Timeframe to respond: Submit within 45 calendar days. If no response received within the 45 days the claim will be denied.

Sample Letters:

Jurisdiction A

Jurisdiction B

Jurisdiction C

Jurisdiction D


ZPICs –Zone Program Integrity Contractors

 ZPICs have oversight of Medicare A and part B, hospice care, home health and durable medical equipment (DME). A ZPIC audit is different than a RAC or MAC audit. The primary purpose of a ZPIC audit is to identify fraud, and while this makes ZPIC audits more serious than most, bear in mind that these audit targets are selected based on sample data analysis.

A ZPIC audit may be performed as the result of other audits, and after a ZPIC audit, a MAC or RAC may be referred.  The ZPICs will notify the selected provider/supplier by written notice prior to the provider-service specific review beginning.  The ZPICs will also alert the provider/supplier as to whether it is a prepayment or post payment review.

There are three primary reasons for conducting a ZPIC audit: 

  • analysis of rates (high rates of utilization of ultra-high resource utilization groups, or RUGs)
  • whistleblower complaints, and/or
  • results of other audits.

Timeframe to respond:  Submit within 30 calendar days. If no response received within the 30 days the claim will be denied.

Sample Letter: 

For additional information of ZPICS please see MLN Matters® Number: SE1204 The Role of the Zone Program Integrity Contractors (ZPICs), Formerly the Program Safeguard Contractors (PSCs)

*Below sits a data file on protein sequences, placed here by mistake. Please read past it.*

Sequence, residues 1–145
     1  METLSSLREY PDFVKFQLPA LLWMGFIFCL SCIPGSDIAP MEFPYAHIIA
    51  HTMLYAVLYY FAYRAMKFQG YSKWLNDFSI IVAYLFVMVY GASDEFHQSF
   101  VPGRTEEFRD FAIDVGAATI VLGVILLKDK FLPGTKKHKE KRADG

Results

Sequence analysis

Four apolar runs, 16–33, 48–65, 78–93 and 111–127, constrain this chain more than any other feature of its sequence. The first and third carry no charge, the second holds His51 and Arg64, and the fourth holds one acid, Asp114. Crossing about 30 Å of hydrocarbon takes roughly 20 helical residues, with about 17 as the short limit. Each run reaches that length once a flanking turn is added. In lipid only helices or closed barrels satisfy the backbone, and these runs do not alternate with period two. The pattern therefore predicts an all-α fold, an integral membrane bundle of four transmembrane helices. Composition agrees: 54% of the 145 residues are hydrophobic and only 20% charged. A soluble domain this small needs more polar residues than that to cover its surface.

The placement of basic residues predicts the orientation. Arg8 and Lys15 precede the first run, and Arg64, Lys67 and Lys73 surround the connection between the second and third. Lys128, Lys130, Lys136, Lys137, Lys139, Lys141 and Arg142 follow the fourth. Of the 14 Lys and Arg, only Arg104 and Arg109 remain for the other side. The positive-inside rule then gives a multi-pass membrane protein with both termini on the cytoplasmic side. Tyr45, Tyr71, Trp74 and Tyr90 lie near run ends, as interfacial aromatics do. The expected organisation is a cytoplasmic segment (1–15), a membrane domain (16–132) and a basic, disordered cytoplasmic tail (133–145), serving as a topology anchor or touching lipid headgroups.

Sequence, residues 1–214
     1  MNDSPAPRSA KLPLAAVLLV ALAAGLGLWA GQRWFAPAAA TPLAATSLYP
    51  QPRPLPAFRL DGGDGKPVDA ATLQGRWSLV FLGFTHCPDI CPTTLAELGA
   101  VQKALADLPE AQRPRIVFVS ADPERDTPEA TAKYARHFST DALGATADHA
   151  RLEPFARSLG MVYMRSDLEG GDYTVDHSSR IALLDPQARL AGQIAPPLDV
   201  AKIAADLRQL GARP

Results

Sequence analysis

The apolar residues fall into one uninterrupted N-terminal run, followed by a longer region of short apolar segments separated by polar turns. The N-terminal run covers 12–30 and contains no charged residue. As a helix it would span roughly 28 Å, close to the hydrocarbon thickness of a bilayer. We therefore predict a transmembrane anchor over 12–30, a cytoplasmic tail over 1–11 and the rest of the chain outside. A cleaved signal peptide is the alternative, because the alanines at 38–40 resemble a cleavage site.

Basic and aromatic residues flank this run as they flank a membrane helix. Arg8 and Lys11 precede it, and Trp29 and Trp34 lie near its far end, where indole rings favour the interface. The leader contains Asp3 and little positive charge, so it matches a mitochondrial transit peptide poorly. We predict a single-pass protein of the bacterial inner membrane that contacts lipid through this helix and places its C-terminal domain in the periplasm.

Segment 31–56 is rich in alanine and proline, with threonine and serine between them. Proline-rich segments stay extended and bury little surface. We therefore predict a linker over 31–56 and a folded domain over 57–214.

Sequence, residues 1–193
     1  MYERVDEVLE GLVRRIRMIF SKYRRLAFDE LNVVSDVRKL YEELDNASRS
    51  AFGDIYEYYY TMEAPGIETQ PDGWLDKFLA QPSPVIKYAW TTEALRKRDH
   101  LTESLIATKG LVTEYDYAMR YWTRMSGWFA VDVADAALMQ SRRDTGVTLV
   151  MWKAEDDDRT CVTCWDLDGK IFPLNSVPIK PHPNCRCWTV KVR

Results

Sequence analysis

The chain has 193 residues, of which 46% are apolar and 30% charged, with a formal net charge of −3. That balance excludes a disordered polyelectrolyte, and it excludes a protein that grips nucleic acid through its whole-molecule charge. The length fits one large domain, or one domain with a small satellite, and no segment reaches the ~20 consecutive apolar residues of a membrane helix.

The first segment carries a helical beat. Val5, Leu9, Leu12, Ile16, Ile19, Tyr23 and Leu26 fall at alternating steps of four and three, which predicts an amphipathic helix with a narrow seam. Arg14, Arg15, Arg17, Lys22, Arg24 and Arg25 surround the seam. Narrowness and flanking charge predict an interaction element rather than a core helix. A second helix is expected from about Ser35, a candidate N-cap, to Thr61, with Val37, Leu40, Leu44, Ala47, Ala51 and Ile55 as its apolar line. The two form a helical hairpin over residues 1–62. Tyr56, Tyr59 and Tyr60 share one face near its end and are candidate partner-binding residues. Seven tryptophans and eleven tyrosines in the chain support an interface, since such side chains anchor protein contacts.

SMRC – Supplemental Medical Review Contractor

The Centers for Medicare & Medicaid Services (CMS) has contracted with StrategicHealthSolutions, LLC, a Supplemental Medical Review/Specialty Contractor (SMRC) to perform and/or provide support for a variety of tasks aimed at lowering the improper payment rates and increasing efficiencies of the medical review functions of the Medicare and Medicaid programs.

One of the primary tasks will be conducting nationwide medical review as directed by CMS. The medical review will be performed on Part A, Part B, and DME providers and suppliers. Services/Provider Specialties to be reviewed will be selected by CMS, Provider Compliance Group/Division of Medical Review and Education (DMRE). The SMRC will evaluate medical records and related documents to determine whether Medicare claims were billed in compliance with coverage, coding, payment, and billing practices.

Timeframe to respond: 

Sample SMRC Letter 


UPICs –Unified Program Integrity Contractors

CMS is developing a “unified program integrity strategy” that merges some Medicare and Medicaid audits and investigations, exploits data mining and aligns the work of regional contractors with CMS’s vision.

The CMS Center for Program Integrity will hire 5 to 15 new UPICs.  The UPICs would replace zone program integrity contractors (ZPICs) — including their Medicare-Medicaid data match function—as well as Medicaid integrity contractors and program safeguard contractors. However, Medicare administrative contractors and recovery audit contractors will continue their audits and reviews. “The MAC activities are not changing as a result of the Unified Program Integrity Contractor (UPIC) strategy,” a CMS spokesman says.

Each UPIC will perform audits and investigations in a set of states, the RFI says. They will “partner with CMS to identify and prioritize leads for audit and investigation” and use CMS’s Fraud Prevention System, a data mining operation that identifies vulnerabilities from multiple sources. The RFI says UPICs would be required to recommend administrative actions (e.g., Medicare and Medicaid payment suspensions and civil monetary penalties); do prepayment reviews; refer possible fraud cases to law enforcement; and “interact with and utilize a robust CMS-developed IT toolset to perform its work, while also bringing its own IT capabilities to CMS’s anti-fraud mission.” In determining targets, UPICs will keep certain “overarching principles” in mind, such as patient harm, prevention of overpayments and multistate fraud, the RFI says.